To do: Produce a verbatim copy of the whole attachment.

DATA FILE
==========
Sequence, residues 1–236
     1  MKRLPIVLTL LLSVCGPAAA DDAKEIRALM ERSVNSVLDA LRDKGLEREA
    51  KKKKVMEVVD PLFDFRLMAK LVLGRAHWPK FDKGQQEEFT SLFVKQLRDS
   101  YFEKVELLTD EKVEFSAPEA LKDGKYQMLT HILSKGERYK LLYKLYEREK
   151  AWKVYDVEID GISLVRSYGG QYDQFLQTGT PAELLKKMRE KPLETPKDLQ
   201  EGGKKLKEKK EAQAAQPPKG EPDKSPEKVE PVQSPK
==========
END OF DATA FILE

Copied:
Sequence, residues 1–236
     1  MKRLPIVLTL LLSVCGPAAA DDAKEIRALM ERSVNSVLDA LRDKGLEREA
    51  KKKKVMEVVD PLFDFRLMAK LVLGRAHWPK FDKGQQEEFT SLFVKQLRDS
   101  YFEKVELLTD EKVEFSAPEA LKDGKYQMLT HILSKGERYK LLYKLYEREK
   151  AWKVYDVEID GISLVRSYGG QYDQFLQTGT PAELLKKMRE KPLETPKDLQ
   201  EGGKKLKEKK EAQAAQPPKG EPDKSPEKVE PVQSPK